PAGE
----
UBC Theses and Dissertations
Analysis of gene trapped embryonic stem cells and characterization of Hox gene expression pattern in additional sex combs like-1 (ASXL1) mutants Lee, Chun Lam Iris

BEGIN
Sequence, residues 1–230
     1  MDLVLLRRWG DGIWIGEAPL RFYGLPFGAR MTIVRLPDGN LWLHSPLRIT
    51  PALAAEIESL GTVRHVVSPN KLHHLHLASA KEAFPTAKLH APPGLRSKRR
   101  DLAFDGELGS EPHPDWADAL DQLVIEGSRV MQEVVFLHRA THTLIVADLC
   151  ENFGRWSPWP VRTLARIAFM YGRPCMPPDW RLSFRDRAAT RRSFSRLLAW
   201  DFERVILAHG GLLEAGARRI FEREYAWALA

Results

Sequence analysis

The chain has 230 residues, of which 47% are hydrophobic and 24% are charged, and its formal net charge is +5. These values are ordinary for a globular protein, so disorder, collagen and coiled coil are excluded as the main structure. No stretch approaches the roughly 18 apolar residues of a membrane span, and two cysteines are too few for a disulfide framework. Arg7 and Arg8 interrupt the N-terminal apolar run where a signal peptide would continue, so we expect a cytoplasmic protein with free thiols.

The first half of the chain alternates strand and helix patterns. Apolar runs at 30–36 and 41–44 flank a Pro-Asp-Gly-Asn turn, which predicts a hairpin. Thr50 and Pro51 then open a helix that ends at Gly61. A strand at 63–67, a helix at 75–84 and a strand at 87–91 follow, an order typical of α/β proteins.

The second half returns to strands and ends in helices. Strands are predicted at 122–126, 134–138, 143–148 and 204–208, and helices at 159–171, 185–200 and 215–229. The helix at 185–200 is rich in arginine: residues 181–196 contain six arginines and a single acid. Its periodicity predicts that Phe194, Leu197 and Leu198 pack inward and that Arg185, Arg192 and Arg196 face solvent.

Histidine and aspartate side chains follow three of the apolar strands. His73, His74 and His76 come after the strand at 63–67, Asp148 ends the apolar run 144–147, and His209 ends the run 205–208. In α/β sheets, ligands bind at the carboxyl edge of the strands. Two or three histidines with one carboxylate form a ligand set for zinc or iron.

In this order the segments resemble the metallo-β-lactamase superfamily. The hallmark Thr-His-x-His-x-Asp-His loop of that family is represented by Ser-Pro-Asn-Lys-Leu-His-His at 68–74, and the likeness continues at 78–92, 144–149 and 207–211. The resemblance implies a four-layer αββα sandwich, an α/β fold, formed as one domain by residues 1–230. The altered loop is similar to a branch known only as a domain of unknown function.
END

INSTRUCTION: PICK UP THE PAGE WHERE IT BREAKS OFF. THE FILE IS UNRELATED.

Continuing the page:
Cells differentiate into different cell types through the development process. To maintain cell identity, trithorax and Polycomb proteins, which are responsible for the active state and silent state respectively, play an important role by maintaining the gene expression pattern of a mother cell during cell division, so the gene expression pattern can be passed on to its daughter cell. To date, many of these Polycomb group proteins have been identified in Drosophila. We look at a member of Enhancer of trithorax and Polycomb (ETP), called the Additional sex combs (Asx) protein because it is necessary for repression and activation maintenance functions in Drosophila. No ETP has been molecularly characterized. Our lab is studying the mammalian homologs of Asx in mice, called (Additional sex combs-like) Asxl1, Asxl2, and Asxl3. We have successfully created Asxl1 mutant mice using homologous recombination by Cynthia Fisher, our former PhD student. 1) Using a gene trapped ES cell line, we would like to create another mutant mice, Asxl2, by gene trapped method. The characterization of ES cell line shows that this cell line is not ideal to make chimera mice because it has double integration. This will be difficult for future molecular analysis. 2) I also would like to characterize the expression pattern of Hox genes of Asxl1 embryos by mRNA in-situ hybridization since homeotic transformations are observed in these mutants. The analysis of Hox genes in Asxl1 mutant shows that all three HOX genes I examined, Hox a4, a7, and c8, show anterior shift of the anterior boundaries; Hox c8 in the head region is suppressed in Asxl1 mutants. My results provide evidence that homeotic transformation in Asxl1 mutants is due to mis-expression of Hox genes. Results also support that Asxl1 is a true ETP because the mutants show both derepression and repression of Hox genes expression.
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